Northwest One (NWA1) leaves LAX at 1:30 pm for Tokyo, flight time about ten hours. The same plane will have arrived mid-morning as the return flight, Northwest Two. Northwest was the last to upgrade to the 747-400's on this route; when I started at LAX in 2002, they were still using 747-200's - which everyone else had already retired or converted to freighters. Northwest still uses B742's as freighters, although I've seen a couple leave here on their way to the bone yard. Northwest was also the last major carrier to use DC-10's in passenger service - even after Hawaiian had got rid of theirs. I saw Northwest DC-10's in Memphis as late as 2006, where they were used on the Amsterdam flight. They've now been replaced with Airbus 330's. Those Northwest DC-10's were so beat that I think Fedex didn't even want them - and yet they showed up again here at LAX last year, flying for ATA (Amtran) on military contracts. It was the loss of those contracts that doomed ATA overnight - literally. In the picture above, from about a year ago, the Airbus 380 can be seen in the background, arriving for a promotional visit. This shot is one of the few I took with a telephoto lens on the old Olympus camera. I used it only a day or two before quitting it - look at the optical distortion and lack of clarity. I've since upgraded to a Panasonic Lumix which has a Leica lens. The picture below wasn't taken with it though - but it does show a Delta 767-400 in the foreground; compare with the B762 and B763 shown earlier. By comparing the shadows of the wings, you can see that not just the fuselage of the -400 is longer; the wingspan is greater as well. Delta used to operate all three versions of the 767, but the -200's were all parked a couple of years ago in a fleet simplification plan. The only other carrier I know of that has all three versions of the 767 is Continental, and they don't bring any of them here too often. Update: We lost NWA1 when Northwest became part of Delta. The Narita route still operates as DAL283/DAL284, either as a B744 or an A332. The Northwest Cargo operation was another casualty of the Delta merger.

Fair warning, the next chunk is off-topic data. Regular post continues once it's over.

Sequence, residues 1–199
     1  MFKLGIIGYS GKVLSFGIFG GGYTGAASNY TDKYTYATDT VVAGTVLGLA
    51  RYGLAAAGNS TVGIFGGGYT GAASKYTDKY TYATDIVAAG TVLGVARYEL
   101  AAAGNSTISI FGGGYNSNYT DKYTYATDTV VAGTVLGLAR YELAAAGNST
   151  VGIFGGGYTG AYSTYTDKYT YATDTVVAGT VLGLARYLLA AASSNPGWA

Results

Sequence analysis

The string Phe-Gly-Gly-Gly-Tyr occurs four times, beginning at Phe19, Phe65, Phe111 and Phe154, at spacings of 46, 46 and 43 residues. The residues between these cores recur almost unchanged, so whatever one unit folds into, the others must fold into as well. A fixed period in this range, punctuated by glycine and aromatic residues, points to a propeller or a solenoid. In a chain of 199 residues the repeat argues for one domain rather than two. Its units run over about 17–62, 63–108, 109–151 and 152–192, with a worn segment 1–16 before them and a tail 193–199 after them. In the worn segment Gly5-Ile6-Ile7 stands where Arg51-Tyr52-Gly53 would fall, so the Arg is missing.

Last and least, well least-performing and least-liked at LAX anyhow, is Air Tahiti One (THT001). This flight leaves L.A. at one in the afternoon on an eight-hour flight to Tahiti in the Airbus 340-300. Curiously, Air France flies the same route, also using the A343, which is a slow-climbing dog regardless of whose paint it carries, although the Tahitis seem to be the worst. So bad, in fact, that departure control will sometimes call and stop departures when Tahiti gets airborne. A common trap for new controllers at LAX is launching the next departure too soon behind an A343 - allowing for wake turbulence separation isn't enough; you gotta give it a serious head start to prevent the next plane from catching up. This shot actually shows them in the flare over runway 24 left; that's an All Nippon (ANA) B773 in the Star Alliance paint scheme waiting for departure. Update: While Tahiti still operates this flight with A343s, Air France now uses B772s. No more Air France Airbuses at LAX!

Update: While we lost NWA1, we now have V Australia 1. VAU1 is flown with a B777-300 from Sydney, arriving shortly after sun up after some thirteen hours in the air.